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U.S. joins big guns in Tokyo Sevens quarters

Kyodo

The United States was the only team to upset the apple cart — though Canada and Japan both came close to pulling off shock wins — as Round 6 of the HSBC Sevens World Series got under way Saturday at the Prince Chichibu Memorial Rugby Ground.

On the same day its 15s team was taking on Uruguay in a Rugby World Cup qualifier, the United States came from behind to beat Samoa 24-17, drew 19-19 with Fiji and then lost 22-12 to France. But with Fiji beating Samoa 33-7 in the final game of Pool C, the Americans advanced to the main Cup competition for the first time this season.

American heroics aside, it was business as usual though as New Zealand, South Africa, Fiji and the other big guns advanced to the quarterfinals, in front of a very multinational crowd.

New Zealand, which leads the series by two points, survived a scare against Canada, winning 22-17 with a try in the final seconds to win Pool A. The Canadians took some consolation though, as they edged Wales for second place on try differential.

South Africa (second in the standings and Tokyo champions last year) won Pool B from Kenya, Argentina and Japan, while England topped Pool D from Australia (which won here two years ago) after coming from behind to beat its rival 24-21 in a thriller.

Japan, which as host is playing in its only tournament of the 2013-14 series, finished the day with one draw and two defeats to its name and will start Sunday in the Bowl. But it did score arguably the try of the day through Jamie Henry in its loss to South Africa, and pushed Kenya all the way after opening the day with a draw against Argentina, which finished third on account of scoring more points than Japan.

If it can tighten up its defense and learn not to throw and kick away possession, Japan may not only give the crowd something to really cheer about Sunday but also put together a good run ahead of next week’s crucial qualifying tournament in Hong Kong that sees it and 11 other teams fight it out for one spot among the 15 core teams on next year’s circuit.

Japan’s 14-14 draw with Argentina was no mean feat, given the South Americans had progressed to the quarterfinals at each of the last four tournaments.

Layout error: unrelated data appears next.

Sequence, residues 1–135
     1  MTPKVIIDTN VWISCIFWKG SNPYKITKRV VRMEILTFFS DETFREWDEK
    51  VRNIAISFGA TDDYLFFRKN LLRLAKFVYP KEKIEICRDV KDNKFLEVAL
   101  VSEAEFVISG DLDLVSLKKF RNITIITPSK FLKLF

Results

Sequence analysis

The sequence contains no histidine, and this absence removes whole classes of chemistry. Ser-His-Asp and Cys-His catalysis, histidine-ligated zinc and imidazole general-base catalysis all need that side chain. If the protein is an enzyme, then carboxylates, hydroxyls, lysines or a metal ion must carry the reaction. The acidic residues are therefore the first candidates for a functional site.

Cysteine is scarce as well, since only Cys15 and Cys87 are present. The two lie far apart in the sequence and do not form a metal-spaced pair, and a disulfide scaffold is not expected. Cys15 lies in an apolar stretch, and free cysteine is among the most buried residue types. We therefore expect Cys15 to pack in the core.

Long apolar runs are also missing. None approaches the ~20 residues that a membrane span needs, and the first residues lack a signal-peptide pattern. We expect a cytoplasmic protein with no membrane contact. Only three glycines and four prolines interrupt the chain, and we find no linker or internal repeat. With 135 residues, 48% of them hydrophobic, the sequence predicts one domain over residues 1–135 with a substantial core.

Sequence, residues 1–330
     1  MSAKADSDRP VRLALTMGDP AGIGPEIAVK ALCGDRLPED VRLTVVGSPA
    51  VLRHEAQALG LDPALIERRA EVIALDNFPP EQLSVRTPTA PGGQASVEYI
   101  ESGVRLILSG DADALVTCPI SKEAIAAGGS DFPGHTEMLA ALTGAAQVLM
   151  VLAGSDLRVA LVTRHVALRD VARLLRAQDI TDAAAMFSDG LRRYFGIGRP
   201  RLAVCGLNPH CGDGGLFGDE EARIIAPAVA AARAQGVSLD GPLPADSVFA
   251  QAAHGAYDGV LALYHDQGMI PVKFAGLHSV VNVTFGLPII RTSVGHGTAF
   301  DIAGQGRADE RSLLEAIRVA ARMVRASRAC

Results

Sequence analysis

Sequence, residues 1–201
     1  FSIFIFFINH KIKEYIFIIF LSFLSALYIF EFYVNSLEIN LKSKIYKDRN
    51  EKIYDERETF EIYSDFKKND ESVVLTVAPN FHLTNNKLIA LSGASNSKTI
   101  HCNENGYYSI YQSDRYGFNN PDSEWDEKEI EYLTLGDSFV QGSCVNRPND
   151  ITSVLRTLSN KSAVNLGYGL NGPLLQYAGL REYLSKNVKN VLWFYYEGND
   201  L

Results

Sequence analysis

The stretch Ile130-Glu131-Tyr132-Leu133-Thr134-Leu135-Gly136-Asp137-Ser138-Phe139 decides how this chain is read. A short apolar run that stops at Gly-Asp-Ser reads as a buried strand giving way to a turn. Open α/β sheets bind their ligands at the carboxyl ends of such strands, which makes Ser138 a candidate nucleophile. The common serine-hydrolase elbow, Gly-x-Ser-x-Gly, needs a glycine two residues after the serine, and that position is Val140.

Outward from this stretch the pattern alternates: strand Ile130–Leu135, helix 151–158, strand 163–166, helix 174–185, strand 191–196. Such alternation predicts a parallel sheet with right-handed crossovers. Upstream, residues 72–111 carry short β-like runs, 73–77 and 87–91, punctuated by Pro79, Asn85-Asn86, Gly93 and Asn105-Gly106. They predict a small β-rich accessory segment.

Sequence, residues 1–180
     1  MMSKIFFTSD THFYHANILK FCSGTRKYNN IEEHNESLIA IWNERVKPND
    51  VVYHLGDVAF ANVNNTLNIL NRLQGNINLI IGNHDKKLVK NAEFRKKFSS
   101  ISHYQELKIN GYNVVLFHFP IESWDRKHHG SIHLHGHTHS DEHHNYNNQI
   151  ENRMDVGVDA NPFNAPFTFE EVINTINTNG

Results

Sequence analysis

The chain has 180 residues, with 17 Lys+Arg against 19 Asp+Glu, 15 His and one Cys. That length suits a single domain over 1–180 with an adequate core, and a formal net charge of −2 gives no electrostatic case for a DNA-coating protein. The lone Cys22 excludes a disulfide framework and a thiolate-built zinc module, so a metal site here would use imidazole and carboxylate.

But it was a case of a lost opportunity as the Brave Blossoms Sevens had their chances to win only for some poor handling and defense to let them down.

Two tries by Lomano Lemeki had seen Japan take a 14-0 lead, but three missed tackles on Joaquin Cachi Paz allowed Argentina to pull back to 14-7 at the break.

The second half was an error-strewn affair with Argentina making the most of it to score through Gonzalo Gutierrez Taboda and then hold on as Japan once again spilled the ball at the death.

“We made too many mistakes, but we’ll fix them and play well in the next game,” said Lemeki.

Unfortunately, that was not to be as Japan’s lack of big-match experience and bulk cost it big-time against South Africa, as it went down 33-5.

Despite dominating territory early on, Japan was unable to turn pressure into points. And as the players tired and fell off their tackles, the BlitzBokke took full advantage running in five tries, though not before Henry raised the roof by chasing a kick ahead and finishing off with a superb dive into the corner.

“We have to get in the right position to make our tackles and cut down on the mistakes,” said Yoshikazu Fujita.

Japan finished off the day by pushing Kenya hard, but once again let itself down by kicking the ball away at crucial times.

The Kenyans led 12-0 at the half, but a much-improved second half from the hosts saw Fujita cross the whitewash, with Katsuyuki Sakai adding the extras. A place in the quarterfinals beckoned but Japan was unable to break the Kenyan defensive line, leaving it to face Samoa when the competition resumes Sunday.